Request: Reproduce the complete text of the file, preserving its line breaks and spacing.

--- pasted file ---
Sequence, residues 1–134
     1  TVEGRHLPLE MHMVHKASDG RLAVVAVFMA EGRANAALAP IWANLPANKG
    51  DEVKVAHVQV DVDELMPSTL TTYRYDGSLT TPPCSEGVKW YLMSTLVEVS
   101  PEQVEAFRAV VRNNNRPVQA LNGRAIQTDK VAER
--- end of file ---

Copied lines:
Sequence, residues 1–134
     1  TVEGRHLPLE MHMVHKASDG RLAVVAVFMA EGRANAALAP IWANLPANKG
    51  DEVKVAHVQV DVDELMPSTL TTYRYDGSLT TPPCSEGVKW YLMSTLVEVS
   101  PEQVEAFRAV VRNNNRPVQA LNGRAIQTDK VAER